St. Philip High School’s senior internship is a rite of passage, the capstone of BCACS’ Crayons to College and Career program. This year, teacher Debbie Evans transformed this rite of passage into a bridge to the future.

“My number one goal was to build capacity in these students,” said Ms. Evans, a shared-time teacher with the Math and Science Center. “I come from the college level and I see the number one thing students struggle with is not college, it’s self-advocacy – having enough capacity to know they can open doors on their own. I wanted them to have a success story out of this.”

Ms. Evans used her background in professional development to turn the internship class into a project-based learning experience.

Each student had to find, design, complete and evaluate their own internship. Ms. Evans’ role was one of empowerment.

“The students were in the driver’s seat and that was very intentional,” Ms. Evans said. “I was really just a powerful cheerleader.

Ms. Evans helped students examine their aspirations, current skill sets, and personal strengths. Using these results, students determined their “skill gaps” and what type of internships would close these gaps.

Students created electronic portfolios and researched potential employers. Ms. Evans taught them strategies to get past an organization’s gatekeeper. She conducted mock interviews with students, so they could up the odds of being hired.

When the students were ready, they called these businesses themselves.

Ms. Evans coached them through setbacks and pushbacks but didn’t directly interfere or intervene. Along the way, some students, parents and even staff members voiced concerns, but Ms. Evans was staunch about everyone “trusting the process”.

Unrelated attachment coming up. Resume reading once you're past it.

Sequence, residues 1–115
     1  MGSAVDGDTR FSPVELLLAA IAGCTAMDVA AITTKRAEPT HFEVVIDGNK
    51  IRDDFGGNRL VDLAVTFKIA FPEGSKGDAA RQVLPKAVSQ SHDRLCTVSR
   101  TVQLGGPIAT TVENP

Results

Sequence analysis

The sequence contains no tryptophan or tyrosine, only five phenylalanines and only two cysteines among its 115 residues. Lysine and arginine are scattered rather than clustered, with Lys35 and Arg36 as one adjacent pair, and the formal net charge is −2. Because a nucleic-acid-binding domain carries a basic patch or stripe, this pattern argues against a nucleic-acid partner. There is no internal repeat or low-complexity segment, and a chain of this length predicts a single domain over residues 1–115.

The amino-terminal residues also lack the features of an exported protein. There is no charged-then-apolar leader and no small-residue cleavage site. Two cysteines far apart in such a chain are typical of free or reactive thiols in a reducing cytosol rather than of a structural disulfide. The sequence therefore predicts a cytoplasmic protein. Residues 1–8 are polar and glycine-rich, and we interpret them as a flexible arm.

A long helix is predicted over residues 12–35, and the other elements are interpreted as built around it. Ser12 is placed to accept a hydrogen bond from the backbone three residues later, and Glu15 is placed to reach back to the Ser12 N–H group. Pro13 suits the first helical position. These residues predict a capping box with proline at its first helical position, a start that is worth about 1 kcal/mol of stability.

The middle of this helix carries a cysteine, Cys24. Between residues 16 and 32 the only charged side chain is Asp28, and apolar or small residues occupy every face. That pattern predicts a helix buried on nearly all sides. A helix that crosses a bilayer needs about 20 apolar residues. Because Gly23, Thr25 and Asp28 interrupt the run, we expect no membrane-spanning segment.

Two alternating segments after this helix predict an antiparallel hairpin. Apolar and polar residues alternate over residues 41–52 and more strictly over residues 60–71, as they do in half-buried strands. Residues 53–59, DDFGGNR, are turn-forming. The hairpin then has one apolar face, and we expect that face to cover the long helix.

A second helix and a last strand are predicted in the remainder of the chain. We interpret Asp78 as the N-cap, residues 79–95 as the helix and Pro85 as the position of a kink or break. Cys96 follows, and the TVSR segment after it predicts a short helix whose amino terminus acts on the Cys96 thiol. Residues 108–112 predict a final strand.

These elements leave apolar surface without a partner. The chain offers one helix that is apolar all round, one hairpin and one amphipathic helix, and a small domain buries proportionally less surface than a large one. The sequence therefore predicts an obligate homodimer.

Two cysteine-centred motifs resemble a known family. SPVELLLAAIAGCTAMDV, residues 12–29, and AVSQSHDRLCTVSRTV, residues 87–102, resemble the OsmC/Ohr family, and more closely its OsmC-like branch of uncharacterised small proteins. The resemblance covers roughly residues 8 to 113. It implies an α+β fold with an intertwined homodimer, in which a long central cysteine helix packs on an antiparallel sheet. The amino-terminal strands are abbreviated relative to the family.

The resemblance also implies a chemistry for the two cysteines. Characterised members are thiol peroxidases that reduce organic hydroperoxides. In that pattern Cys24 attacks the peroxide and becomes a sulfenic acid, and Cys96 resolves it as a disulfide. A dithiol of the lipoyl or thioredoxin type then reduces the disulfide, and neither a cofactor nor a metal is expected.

The process worked. Every single student found their own internship.

As their field work progresses, students continually evaluate the goals they co-created with their employers. Evidence matters, as does the results.

“I thought that I would just do a lot of observing and maybe taking notes, but after the first week, I was given a dog to work with to learn firsthand, which I think tremendously affected how much I’ve learned,” said McKenna Haley, who is serving her internship at DogZone.

McKenna Haley found her internship at DogZone, where she is gaining experience working with animals. She plans to study Animal Behavioral Science in college and hopes to train service animals in the future.

“Sometimes, during a meeting or something, I’ll catch myself falling in love with the job a little bit,” said Meagan Casterline, whose internship with event planner Jennifer Darling may include a trip to New York City. “I love how this internship is coaching my brain to think like an event planner would.”

Meagan Casterline [front, right] with Jennifer Darling [front, left] and the members of the Deep Fried Pickle Project [back row], during a concert Megan helped Ms. Darling organize as part of her internship.

The most important result for Ms. Evans is self-reliance.

“What has been most empowering is watching the students physically and mentally shift because they realized they made this happen,” Ms. Evans said. “This isn’t something someone did for them. This is something they intentionally created.”

Our seniors are doing amazing things, which is why, starting this week, our BCACS Blog will host a “Senior Spotlight”. Every Thursday until graduation, we will highlight different members of the Class of 2017. Read more about their internships, their aspirations, and where they plan to “grow” after graduation.

Senior Spotlight: Meagan Casterline, McKenna Haley, & Kailee Redmond
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Questions? Call Cathy Erskine at 269.963.1131